An army truck filled with medical workers – doctors, nurses and other professionals – who had tried to hold on, in spite of wind, water and lack of power or even generators. These professionals had honored their oath to humanity and had stayed with their patients, putting themselves in the greatest peril, first from the storm and then of being temporarily abandoned while the living were rescued all around them. The faces of these men and women, exhausted and looking for the moment defeated, tell one of the great tales of the aftermath of this storm, one of the oldest tales there is: that of loving your neighbor as yourself, of helping the helpless and honoring the dying. Defeated? Not by a long shot. And thanks to many of these committed individuals, the toll of the death bell will ring a little shorter when all is said and done.

Anita Roach, a resident of the Lower 9th Ward whose home was washed away, sat in front of the hell of the Ernest N. Morial Convention Center, lifted her hands upward and broke out in a song of comfort and praise. “Stand by me…” she sang to her God, and soon others joined in with dry mouths and sweaty hands, to sing and praise with her. Anita Roach lost her home, but not her husband, she laughingly related in The Times Picayune. So long as they were safe, and alive, life would go on.



“President say, ‘Hey little fat man isn’t it a shame, what the river has done to this poor tractless land?”


by Alyne Pustanio



“Can we stop by the Taco Bell?”

-- 76-year old Gerald Martin of New Orleans, to rescuers who found him 18 days after the storm, still clutching an empty water bottle

(The Times Picayune, September 19, 2005)

76 year old Gerald Martin was rescued from his Gentilly home 18 days after the storm roared through New Orleans. When rescuers found him he was dehydrated and had lost a lot of weight; he clutched his pants around his thinning waist and a “bone-dry” plastic water jug was in his hand. Martin had climbed into his attic to escape the rising flood waters (18 feet or more in this area of the city) and had spent days watching the waters slowly recede, waiting for the sound of rescuers he knew would come.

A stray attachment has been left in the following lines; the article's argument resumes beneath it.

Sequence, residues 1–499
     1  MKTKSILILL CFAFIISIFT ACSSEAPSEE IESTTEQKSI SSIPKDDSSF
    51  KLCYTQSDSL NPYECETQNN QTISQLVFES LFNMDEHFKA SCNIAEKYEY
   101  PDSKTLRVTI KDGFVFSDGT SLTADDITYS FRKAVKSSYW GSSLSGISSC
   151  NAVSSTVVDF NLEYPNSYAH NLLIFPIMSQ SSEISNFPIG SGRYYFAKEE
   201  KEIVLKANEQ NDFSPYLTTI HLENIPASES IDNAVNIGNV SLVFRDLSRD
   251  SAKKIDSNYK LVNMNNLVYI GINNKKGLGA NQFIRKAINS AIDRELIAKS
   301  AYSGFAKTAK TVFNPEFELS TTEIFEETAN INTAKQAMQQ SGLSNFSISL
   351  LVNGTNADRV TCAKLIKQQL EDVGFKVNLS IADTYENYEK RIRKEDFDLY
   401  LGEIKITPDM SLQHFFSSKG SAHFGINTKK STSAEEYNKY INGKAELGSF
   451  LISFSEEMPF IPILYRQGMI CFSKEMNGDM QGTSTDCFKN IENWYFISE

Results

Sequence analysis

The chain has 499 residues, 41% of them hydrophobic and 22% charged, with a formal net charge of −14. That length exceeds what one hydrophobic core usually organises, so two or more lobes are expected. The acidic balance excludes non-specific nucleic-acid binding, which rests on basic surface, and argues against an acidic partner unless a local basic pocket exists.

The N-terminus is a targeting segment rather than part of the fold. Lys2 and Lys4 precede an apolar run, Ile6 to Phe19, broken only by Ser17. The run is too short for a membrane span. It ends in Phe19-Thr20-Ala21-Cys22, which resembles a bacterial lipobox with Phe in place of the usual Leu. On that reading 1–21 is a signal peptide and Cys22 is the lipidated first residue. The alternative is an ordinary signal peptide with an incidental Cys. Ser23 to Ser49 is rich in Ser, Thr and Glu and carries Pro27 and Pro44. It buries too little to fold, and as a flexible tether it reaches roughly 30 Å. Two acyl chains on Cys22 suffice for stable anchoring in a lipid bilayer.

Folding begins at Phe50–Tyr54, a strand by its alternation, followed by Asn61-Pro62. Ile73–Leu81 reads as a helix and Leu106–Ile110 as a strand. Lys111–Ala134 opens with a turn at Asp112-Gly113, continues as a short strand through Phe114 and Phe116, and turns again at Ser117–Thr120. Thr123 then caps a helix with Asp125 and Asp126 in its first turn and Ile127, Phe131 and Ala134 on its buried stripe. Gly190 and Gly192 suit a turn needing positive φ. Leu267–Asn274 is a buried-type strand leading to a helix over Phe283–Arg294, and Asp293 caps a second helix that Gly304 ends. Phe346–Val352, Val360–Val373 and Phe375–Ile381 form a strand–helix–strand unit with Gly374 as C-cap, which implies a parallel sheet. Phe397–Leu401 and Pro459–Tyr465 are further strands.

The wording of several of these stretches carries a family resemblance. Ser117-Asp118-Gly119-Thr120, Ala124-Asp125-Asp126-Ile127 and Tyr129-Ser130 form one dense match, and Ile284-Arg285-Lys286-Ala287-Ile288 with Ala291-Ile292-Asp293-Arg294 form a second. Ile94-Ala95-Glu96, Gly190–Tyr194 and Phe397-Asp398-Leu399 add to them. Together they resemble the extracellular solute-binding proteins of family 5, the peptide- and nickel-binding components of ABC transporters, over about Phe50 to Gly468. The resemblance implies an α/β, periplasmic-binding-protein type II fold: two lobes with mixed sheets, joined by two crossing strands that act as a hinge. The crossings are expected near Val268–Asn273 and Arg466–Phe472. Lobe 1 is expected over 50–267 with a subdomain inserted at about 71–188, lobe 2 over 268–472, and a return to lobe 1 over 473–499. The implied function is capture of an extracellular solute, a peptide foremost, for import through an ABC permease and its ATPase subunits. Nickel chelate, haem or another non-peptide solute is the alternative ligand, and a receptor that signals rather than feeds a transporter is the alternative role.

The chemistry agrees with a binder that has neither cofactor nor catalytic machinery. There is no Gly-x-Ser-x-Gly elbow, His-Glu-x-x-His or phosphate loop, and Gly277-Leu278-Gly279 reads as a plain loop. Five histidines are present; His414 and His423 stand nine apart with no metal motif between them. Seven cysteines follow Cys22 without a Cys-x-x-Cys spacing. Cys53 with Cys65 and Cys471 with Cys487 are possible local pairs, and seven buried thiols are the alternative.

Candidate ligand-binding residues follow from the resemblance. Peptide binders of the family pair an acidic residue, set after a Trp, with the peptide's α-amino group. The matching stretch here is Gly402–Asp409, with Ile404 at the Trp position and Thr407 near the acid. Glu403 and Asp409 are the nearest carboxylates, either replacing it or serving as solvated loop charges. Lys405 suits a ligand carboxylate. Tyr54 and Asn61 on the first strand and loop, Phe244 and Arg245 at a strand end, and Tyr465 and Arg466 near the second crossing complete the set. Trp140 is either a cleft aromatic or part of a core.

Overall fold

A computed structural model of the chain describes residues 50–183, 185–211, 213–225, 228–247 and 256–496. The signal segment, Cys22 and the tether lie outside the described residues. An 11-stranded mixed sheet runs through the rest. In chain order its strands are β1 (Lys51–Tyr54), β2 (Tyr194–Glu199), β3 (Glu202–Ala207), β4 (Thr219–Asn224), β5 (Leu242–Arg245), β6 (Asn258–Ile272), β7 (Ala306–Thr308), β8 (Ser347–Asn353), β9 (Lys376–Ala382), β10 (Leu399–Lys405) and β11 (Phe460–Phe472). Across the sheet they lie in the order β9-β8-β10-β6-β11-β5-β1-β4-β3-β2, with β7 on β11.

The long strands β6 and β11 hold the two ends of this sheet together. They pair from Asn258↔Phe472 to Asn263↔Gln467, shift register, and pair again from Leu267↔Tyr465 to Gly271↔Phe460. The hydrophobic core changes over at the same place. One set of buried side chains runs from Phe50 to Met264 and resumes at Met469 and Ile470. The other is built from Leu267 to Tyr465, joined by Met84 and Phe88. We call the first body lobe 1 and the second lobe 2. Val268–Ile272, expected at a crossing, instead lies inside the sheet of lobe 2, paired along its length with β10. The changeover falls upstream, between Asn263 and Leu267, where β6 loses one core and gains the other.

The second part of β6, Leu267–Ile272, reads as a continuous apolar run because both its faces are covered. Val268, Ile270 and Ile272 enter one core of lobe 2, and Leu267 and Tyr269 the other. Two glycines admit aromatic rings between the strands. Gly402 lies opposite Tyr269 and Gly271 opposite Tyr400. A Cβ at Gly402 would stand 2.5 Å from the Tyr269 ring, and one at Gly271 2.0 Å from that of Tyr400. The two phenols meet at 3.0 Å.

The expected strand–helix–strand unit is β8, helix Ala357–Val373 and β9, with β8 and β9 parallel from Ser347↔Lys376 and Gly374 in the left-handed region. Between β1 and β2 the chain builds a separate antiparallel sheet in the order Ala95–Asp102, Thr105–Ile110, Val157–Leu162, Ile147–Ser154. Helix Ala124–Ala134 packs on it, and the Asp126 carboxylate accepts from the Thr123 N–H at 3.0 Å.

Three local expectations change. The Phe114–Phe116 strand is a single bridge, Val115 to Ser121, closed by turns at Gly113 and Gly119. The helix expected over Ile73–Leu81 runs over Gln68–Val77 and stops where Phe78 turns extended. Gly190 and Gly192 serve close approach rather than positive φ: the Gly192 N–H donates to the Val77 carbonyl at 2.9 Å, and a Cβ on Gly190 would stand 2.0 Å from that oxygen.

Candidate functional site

The team – members of California Task Force 3 – evacuated the elderly Martin to a waiting medical helicopter when the man turned to them and asked, “Can we stop by the Taco Bell?” The team laughed along with him, but there was a sense of amazement among them. How this genial old man, who had survived the torments of hell on earth, could be so upbeat and calm, simply amazed them.

Those of us from New Orleans who sit and gape no more, but who, like the water receding up the beach, are beginning to flow back to the City of our youth, the city of our future, will forgive the California Team their bewilderment. Those of us from New Orleans know one thing if we know anything: Nothing can destroy this City, nor take away the love its people have for living life well and fully. Nature may knock us to our knees, but we know from experience that’s the best position to be in to ask for miracles or to make one happen.

Ghost Photos The House Of Voodoo




Editor’s Note: The editors and staff of Haunted New Orleans and Haunted America Tours appreciate the concern of people across the U.S. as our great city suffered the ravages of the devastating Category 5 storm that came to be called Katrina.

Most of us evacuated to one place or another – Houston, Arkansas, Tennessee, Kentucky, Georgia – and some of us got unexpected “vacation” visits to local color places like Graceland and The Alamo. But all of us, each and every one, never once stopped thinking and praying for our beloved City.

To those cities and locales that hosted us, our deepest thanks; to those people who opened their arms and welcomed the storm-drenched people of Louisiana and the Gulf Coast, blessings and a thousand thanks to each and every one of you.

Still, I’m sure you’ll understand it when we say, WE know what it means to miss New Orleans, and sorry to leave so soon, but she’s waiting for us to come back home!

Many of you asked, “What can we do to help?” Our answer to that would be, “Come back and see us!” By visiting you will help to revitalize and rejuvenate this great City; the wonders that attracted you before the storm are still here. In this homeland of gumbo and jazz, of red beans and rice on Monday and seafood on Fridays, of making groceries and where y’at, of Jazz Fest and Mardi Gras, of Louis Armstrong and Marie Laveau, life will go on! It’s already flowing through our veins! So come back and see us, sit down and hear our amazing stories first hand over some Manuel’s Hot Tamales or Brocato’s Italian Ice Cream. Come back and be amazed at how well this wonderful old city knows how to thank the people who love her!

“Do you know what it means to miss New Orleans, to miss her both night and day?”

We Sure Do!



LINKS OF INTEREST for Hurricane Katrna


Help Identify People Missing as a Result of Hurricanes Katrina and Rita
In the aftermath of hurricanes Katrina and Rita, the U.S. Department of Justice has asked the National Center for Missing & Exploited Children (NCMEC) to staff a hotline to take reports of missing children, missing adults, and found children.

If you are searching for someone who is missing or are caring for a child who is separated from his or her family, please call the Katrina/Rita Missing Persons Hotline at 1-888-544-5475.


Flood water estimates of New Orleans provided by C&C Technologies, Inc. a privately-owned International Surveying and Mapping Company